The preferred method to prevent this from happening is by placing the used brake pad over the piston, and clamping down on the pad instead. This causes the clamp to assert pressure equally to the piston and not allow it to go to one side or the other.
You have two pads on each rotor. An inner pad, and an outer pad. I am pointing to the two pads in this picture.
Remove both pads.
It is recommended to have your rotors checked, and possibly "turned" or "machined" when replacing your pads. This process, called turning or machining, is where your rotor is placed on a machine at a brake shop, and it smooths out the surface of your rotor. If your rotor has grooves cut into it or has an uneven thickness all the way around the rotor, it is recommended that you remove your rotor and bring it to a brake shop to have them turn your rotor for you. One indication that your rotors need to be turned is by you feeling a vibration or shaking of the steering wheel when applying the brakes as the car is in motion .
A typical price for turning a rotor can vary from $5 per rotor, to however much the shop wants to charge. In my local town, Autozone will turn rotors for $5 each. If your rotor needs to be turned, you need to remove the rotor from the hub.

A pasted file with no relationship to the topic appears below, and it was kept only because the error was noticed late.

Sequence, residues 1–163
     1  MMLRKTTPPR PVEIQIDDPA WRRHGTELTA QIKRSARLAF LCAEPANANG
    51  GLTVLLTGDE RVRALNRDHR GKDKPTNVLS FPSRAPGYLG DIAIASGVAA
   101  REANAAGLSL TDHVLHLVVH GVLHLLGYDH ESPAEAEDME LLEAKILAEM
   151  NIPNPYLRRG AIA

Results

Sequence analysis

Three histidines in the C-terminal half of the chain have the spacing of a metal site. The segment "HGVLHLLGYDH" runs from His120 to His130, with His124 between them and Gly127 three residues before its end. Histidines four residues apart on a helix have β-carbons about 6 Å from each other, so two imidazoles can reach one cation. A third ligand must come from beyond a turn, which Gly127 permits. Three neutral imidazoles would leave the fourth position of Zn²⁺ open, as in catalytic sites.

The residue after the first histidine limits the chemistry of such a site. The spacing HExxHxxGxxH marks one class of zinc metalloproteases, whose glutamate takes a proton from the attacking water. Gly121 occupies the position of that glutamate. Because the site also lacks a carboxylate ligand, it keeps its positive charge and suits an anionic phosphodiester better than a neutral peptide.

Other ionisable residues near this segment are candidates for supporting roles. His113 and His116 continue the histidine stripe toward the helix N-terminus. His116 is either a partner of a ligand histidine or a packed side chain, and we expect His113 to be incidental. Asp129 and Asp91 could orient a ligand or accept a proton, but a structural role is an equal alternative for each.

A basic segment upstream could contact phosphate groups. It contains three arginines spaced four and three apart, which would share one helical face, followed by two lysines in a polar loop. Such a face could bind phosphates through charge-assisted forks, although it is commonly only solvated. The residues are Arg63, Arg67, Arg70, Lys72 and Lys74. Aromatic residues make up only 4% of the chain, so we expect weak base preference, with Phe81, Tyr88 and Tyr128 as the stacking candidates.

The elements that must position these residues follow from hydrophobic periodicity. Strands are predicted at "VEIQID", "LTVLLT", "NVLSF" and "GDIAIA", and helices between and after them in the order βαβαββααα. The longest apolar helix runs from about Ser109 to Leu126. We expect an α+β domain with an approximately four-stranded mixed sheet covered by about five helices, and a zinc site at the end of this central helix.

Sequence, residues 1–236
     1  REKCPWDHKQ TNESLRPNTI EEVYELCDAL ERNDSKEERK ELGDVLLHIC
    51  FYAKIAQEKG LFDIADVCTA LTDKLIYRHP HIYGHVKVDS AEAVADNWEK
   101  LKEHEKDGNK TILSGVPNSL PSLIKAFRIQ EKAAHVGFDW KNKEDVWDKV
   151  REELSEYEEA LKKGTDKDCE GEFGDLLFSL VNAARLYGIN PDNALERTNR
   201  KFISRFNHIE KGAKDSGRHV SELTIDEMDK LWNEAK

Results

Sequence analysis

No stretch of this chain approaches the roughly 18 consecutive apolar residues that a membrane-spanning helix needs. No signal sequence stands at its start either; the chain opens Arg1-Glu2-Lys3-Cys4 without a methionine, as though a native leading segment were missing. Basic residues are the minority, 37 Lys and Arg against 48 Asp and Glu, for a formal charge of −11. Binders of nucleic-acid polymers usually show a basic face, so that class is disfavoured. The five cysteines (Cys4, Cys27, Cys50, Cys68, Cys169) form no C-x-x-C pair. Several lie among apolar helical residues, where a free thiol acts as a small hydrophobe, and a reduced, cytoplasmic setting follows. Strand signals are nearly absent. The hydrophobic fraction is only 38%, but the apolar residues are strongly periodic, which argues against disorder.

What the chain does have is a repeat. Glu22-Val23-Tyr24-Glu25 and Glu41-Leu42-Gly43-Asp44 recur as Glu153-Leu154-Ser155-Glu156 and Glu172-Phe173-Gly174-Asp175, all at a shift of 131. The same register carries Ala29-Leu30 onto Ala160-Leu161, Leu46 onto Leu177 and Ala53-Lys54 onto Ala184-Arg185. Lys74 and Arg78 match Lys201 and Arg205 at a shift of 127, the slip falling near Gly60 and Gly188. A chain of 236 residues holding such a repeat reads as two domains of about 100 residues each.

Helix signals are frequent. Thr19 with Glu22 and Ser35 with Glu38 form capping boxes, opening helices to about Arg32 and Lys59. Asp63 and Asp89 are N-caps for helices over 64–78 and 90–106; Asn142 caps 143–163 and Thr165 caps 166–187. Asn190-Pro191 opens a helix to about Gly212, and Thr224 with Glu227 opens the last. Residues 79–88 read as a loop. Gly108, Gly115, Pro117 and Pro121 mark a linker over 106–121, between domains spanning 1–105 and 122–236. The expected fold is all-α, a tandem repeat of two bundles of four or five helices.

In order to remove the rotor, locate the two bolts that hold the caliper bracket on and remove them. Once the caliper bracket is removed, the rotor will pull straight off. When putting the rotor and caliper bracket back on, the Helms manual calls for 137 ft/lbs of torque for the bracket bolts.
In these instructions, I am not removing my rotor.
During this brake job, I decided to use Raybestos semi-metallic brake pads. This is my first experience with these pads, so I don't have an opinion of them just yet. The part number was PGD699M.
You will notice that on the back of each of these pads, there is a black odd shaped (looks like a fat T) thin shim on them. This is a brake shim. This thin shim reduces a lot of the squealing noise that happens when applying your brakes.
If the brake pad you choose does not come with shims pre-installed, make sure you buy a set and install them onto the back of the pads before installing them. Shims usually come with a small piece of double sided tape that allows it to stick to the back of the brake pad.
Another important thing to notice on brake pads are the wear indicators, or squeal bars. You typically only have one pad on each rotor with a squeal bar. This bar is an L shaped metal bar that is mounted so that when the brake pad is worn almost all the way to the metal pad base, it will start rubbing the rotor and causing a really loud squealing noise everytime you apply the brakes.